Date Fixed For Tribunal Fees Challenge

Following the introduction of Employment Tribunal (ET) fees in July 2013, the UK's largest public service trade union, Unison, supported by the Equality and Human Rights Commission, brought judicial review proceedings challenging the lawfulness of the new regime. The case was brought on the basis that it would make it 'virtually impossible, or excessively difficult' for many people of modest means to exercise their right to bring an ET claim and would discriminate against employees with a protected characteristic.

The challenge was dismissed by the High Court in February 2014 as at that time there was as yet insufficient evidence to support the union’s arguments. However, the Court said that it was incumbent on the Lord Chancellor to keep the system under careful review to eliminate, as far as humanly possible, any indirect discrimination.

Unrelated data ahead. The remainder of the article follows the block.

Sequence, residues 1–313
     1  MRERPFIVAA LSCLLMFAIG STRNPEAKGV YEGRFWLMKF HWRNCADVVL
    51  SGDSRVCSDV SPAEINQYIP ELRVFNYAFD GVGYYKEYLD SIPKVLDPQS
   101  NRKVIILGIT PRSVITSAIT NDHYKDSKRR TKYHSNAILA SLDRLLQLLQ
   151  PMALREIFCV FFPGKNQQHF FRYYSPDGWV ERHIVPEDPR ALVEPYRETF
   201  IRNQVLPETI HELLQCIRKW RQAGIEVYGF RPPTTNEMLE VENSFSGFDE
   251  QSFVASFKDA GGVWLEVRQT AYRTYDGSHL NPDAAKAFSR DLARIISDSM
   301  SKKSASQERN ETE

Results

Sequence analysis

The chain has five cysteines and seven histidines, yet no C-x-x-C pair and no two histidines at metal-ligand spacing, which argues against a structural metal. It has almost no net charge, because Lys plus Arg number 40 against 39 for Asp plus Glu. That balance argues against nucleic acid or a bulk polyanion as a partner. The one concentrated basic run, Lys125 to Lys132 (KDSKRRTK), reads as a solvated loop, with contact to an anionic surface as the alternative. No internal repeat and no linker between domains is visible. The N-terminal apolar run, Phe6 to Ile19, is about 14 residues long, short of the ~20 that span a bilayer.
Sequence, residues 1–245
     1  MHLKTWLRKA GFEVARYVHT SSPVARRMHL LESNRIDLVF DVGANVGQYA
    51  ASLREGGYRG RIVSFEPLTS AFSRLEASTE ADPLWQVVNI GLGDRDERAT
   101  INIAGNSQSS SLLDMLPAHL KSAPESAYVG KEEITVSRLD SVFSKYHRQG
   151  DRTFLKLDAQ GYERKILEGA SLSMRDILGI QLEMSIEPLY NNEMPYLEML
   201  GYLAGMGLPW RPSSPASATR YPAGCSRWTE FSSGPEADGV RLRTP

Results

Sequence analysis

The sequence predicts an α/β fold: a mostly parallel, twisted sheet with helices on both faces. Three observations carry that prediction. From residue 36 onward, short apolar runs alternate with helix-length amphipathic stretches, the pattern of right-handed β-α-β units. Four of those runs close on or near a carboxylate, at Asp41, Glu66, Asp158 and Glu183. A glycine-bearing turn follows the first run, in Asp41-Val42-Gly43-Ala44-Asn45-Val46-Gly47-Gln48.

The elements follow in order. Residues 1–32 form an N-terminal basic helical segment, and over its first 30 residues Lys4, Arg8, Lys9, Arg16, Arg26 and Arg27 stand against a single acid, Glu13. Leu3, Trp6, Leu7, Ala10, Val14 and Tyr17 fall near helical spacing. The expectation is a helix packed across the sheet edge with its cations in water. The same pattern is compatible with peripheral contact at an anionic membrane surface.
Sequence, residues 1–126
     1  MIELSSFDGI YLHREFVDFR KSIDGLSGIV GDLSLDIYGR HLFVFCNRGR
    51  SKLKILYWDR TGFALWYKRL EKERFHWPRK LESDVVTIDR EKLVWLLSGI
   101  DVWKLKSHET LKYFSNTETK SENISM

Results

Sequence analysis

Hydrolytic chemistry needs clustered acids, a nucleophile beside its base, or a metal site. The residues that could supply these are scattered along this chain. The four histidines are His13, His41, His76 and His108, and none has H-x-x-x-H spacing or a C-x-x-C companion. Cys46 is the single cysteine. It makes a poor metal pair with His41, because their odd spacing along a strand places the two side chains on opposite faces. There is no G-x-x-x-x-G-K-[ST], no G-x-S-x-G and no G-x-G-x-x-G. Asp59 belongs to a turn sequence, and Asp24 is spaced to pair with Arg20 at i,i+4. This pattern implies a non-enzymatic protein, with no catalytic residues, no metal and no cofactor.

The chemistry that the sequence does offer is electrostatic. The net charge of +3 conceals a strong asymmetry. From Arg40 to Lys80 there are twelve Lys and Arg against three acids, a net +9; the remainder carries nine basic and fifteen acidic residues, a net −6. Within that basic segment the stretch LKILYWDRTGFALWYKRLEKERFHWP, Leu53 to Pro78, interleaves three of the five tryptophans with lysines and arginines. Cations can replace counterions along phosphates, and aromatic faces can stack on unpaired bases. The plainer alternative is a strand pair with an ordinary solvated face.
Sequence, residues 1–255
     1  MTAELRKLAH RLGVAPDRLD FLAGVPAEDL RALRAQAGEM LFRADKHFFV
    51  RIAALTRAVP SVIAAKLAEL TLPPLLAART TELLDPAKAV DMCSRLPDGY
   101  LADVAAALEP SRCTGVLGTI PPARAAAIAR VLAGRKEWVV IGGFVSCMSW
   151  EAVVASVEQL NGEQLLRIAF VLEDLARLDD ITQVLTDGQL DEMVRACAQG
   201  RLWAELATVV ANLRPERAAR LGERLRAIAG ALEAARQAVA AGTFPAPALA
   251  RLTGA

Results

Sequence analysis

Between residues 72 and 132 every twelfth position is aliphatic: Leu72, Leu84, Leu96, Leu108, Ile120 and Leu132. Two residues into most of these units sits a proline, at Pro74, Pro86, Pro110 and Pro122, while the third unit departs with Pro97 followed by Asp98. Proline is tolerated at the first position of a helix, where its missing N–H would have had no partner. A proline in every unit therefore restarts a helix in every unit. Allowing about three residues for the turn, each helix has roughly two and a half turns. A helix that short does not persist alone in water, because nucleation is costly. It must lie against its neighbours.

Since the High Court's decision, quarterly statistics published by the Ministry of Justice show a substantial year-on-year fall in the number of ET claims received. Prior to the introduction of fees, there were on average 48,000 new claims per quarter. In the quarter April to June 2014, only 8,540 new claims were lodged, 81 per cent fewer than in the same period in 2013.

In the light of these statistics, Unison was granted permission to launch fresh proceedings and these will be heard on 21 and 22 October.

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